The East India Company was formed by John Watts on 31st December 1600. It was established to exploit trade from India and South East Asia. The company went on to become the largest commercial venture in the world. It traded independently until its nationalisation in 1858. The company ceased operations in 1874. As the East India Company’s trade grew it came to dominate large areas of India and South East Asia. The companies actions are the subject of debate among historians. The East India Company is seen by some as a ruthless exploitative force who plundered India in particular. Others note the benefits for Great Britain and the role the East India Company had in creating the Jewel in the Crown and the enormous wealth gained from British trade across the region.
Trade in the East
In the 16th century European nations expanded their trading networks into the east. Spain and Portugal dominated the trade and began to explore opportunities for spaces and other goods to be brought into Europe. The defeat of the Spanish Armada in 1588 enabled their domination to be challenged. In 1600 Elizabeth I granted a charter that allowed traders to form the Governor and Company of Merchants of London Trading into the East Indies.
Silk and Cotton Markets
The first venture of this company was a flotilla of four merchant vessels captained by James Lancaster. It set sail in 1601 and returned two years later with a combined cargo of some 500 tons of pepper. This and other early ventures proved to be highly successful and profitable. However, the Dutch dominated the market for Spices and the journey was long and dangerous. To minimise risk and maximise profit a decision was made to not challenge the Dutch East Indies Company in the space trade. Instead markets for Silk and Cotton in which there was less direct competition were chosen.
Establishment of commercial centres in India
Around centres in Bengal, Bombay and Madras the company developed large commercial stations. To protect these the company raised a private army. This was needed due to the threat of piracy and uprisings against both the company and local political leaders. The size of this army grew and effectively controlled areas in which the company traded.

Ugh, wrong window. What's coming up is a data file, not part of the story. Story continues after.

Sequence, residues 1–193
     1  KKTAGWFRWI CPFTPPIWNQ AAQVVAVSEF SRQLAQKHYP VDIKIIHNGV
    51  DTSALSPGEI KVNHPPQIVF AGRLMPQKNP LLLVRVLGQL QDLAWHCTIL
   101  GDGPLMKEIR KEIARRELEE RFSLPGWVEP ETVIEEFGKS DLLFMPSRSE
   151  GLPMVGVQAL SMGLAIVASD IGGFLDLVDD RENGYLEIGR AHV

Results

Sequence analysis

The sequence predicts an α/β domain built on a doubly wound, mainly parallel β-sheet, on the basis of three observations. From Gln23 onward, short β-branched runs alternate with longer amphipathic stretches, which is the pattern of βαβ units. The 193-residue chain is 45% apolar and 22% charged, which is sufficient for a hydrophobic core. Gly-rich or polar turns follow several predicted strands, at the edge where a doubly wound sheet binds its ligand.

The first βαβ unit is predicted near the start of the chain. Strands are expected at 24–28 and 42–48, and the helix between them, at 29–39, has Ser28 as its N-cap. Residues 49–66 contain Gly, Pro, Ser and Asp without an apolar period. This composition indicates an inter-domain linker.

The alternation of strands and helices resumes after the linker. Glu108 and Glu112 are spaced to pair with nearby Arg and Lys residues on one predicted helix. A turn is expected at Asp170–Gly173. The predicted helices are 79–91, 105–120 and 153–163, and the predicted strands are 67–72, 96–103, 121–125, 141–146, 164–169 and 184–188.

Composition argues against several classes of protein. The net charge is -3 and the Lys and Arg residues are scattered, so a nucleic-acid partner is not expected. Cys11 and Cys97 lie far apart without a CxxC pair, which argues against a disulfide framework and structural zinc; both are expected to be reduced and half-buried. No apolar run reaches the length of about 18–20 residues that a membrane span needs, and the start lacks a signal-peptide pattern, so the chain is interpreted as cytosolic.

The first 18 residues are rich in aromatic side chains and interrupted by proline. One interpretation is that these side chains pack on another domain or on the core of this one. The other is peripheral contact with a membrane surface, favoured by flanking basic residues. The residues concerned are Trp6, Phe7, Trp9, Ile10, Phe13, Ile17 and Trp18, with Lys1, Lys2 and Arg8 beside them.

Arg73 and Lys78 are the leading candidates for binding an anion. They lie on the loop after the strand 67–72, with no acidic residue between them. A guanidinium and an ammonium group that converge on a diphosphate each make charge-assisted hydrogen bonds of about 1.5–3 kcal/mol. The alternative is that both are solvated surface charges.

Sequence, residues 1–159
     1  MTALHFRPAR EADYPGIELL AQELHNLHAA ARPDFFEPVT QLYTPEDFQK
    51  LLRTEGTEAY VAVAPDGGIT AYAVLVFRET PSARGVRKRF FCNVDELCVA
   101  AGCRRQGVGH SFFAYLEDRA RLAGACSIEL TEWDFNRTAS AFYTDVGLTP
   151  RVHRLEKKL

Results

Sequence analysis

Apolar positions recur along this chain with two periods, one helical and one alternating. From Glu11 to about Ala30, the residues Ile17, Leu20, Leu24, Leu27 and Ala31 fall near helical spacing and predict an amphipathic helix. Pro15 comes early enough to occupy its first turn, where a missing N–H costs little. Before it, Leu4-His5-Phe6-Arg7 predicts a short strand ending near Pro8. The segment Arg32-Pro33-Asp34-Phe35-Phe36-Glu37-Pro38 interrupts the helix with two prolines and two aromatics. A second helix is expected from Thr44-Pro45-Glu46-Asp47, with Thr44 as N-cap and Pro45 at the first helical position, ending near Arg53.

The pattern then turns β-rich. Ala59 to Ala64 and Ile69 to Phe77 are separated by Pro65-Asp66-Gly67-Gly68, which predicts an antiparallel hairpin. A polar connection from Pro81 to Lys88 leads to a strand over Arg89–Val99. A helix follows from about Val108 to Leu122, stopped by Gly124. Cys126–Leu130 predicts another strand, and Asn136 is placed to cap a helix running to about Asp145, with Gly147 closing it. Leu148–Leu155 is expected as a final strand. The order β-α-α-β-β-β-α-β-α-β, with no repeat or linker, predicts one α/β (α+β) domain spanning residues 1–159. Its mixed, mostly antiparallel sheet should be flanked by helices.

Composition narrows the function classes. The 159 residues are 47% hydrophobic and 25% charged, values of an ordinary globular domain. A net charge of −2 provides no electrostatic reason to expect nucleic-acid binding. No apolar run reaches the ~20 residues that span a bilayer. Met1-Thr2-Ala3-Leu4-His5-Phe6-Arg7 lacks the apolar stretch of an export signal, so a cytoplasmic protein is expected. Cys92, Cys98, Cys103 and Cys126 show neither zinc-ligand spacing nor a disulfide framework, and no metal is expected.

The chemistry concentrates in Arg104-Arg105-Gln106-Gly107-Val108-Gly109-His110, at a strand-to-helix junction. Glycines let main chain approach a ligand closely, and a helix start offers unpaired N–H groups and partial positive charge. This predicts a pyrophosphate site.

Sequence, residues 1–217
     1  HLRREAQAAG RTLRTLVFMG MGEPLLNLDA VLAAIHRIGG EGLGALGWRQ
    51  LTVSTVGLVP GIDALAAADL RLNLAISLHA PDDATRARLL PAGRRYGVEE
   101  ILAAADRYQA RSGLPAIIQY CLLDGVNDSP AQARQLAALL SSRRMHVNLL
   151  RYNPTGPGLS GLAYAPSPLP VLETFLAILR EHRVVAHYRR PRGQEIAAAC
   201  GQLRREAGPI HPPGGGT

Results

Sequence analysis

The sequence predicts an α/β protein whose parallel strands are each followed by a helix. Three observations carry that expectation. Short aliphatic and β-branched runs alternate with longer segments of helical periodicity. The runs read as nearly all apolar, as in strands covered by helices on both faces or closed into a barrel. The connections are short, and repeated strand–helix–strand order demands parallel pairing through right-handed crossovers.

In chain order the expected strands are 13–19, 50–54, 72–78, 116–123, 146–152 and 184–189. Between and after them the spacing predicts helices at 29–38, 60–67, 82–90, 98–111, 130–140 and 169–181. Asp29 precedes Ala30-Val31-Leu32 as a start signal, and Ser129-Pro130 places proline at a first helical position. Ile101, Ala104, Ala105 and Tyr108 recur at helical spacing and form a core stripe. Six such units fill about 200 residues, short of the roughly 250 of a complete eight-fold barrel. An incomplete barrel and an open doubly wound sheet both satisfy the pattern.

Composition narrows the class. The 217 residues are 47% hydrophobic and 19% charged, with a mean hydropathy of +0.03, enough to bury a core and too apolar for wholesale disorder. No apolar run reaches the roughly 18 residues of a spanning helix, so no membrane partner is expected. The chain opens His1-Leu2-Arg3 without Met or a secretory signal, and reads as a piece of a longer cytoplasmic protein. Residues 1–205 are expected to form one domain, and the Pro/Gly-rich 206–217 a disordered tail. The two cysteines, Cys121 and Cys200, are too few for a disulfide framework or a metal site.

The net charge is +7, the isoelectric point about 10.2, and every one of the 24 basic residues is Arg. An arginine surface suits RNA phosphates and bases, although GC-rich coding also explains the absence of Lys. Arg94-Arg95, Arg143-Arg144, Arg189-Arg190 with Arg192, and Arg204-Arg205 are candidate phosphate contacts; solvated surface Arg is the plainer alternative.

Expansion of the East India Company
The company expanded its commercial interests inland from these centres. This was achieved through conquest and agreements with local maharajas. The expansion led to the Company taking over administrative control of many areas. They levied taxes and imposed their system of governance. This was not always easy. In 1757 Robert Clive put down an uprising led by Siraj ud-Daula. The Battle of Plassey marked a change in the company role. Previously it had only used its private army to protect the companies resources and interests, here it made a direct intervention into local affairs.
The East India Company was fuelling consumerism and helping to transform fashion in Britain. Colourful materials were produced and hand woven in India. Garments for the top end of the fashion market were being produced by hand in India and shipped to Great Britain for finishing and sale. It made the most of the cheap labour and resulted in large profits.
East India Company, Tea and Opium
The company soon became involved in other trades. A trend for drinking tea was emerging as a result of the Asian trade. The East India Company expanded into the South China Sea in order to procure Chinese tea. These were then cross bred with Indian varieties and the result was the the types of tea still in use today. The market for these teas was, and remains, extensive.
Another crop of interest to the East India Company was Opium. Opium was grown in India and sold to merchants trading in China. The profit acquired from this trade in drugs were used to make the Chinese Tea trade highly profitable. The ethics behind this would raise many eyebrows today. The reason Opium was crucial to the Chinese Tea trade was the currency of exchange in China being Silver. The British economy was tied to the Gold Standard. Silver was expensive for British merchants, selling and taxing opium made the trading cycle highly successful. It led to the East India Company establishing bases and forts around the South China Sea and the Indian Ocean. The most famous of these bases was at Hong Kong.
The trade in Opium in China was lucrative. It was also illegal. After 50 years of tolerating British activities of this type the Chinese government intervened. It demanded all Opium be handed over for destruction. The East India Company was not willing to see such a large part of its operation stopped. It launched into the Opium Wars in 1839.